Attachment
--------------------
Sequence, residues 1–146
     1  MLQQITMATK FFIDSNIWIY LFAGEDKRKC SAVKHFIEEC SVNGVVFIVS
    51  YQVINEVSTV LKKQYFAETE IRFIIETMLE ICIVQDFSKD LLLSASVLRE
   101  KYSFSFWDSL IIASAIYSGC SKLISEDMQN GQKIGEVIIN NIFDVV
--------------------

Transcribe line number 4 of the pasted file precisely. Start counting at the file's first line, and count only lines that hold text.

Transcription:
   101  KYSFSFWDSL IIASAIYSGC SKLISEDMQN GQKIGEVIIN NIFDVV